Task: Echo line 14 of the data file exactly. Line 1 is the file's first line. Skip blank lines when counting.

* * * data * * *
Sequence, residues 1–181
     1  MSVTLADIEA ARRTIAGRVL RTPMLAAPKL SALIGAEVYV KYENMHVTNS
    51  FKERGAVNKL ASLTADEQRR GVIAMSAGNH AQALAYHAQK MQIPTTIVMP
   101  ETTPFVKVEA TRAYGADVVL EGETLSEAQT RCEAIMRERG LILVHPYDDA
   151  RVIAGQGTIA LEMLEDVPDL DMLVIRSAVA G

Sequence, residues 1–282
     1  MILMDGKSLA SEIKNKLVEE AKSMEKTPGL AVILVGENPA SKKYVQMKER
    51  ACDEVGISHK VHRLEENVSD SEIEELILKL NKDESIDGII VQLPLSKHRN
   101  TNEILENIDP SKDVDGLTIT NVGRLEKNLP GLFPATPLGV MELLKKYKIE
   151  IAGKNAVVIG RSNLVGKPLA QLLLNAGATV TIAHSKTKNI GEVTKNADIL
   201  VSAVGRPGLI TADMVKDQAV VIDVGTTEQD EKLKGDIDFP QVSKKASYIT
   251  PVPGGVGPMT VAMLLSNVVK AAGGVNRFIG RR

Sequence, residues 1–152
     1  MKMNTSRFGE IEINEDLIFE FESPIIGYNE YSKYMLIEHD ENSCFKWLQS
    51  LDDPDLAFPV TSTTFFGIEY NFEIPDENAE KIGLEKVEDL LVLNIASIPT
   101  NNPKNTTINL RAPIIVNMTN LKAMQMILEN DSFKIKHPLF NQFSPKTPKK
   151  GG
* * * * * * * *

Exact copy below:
     1  MKMNTSRFGE IEINEDLIFE FESPIIGYNE YSKYMLIEHD ENSCFKWLQS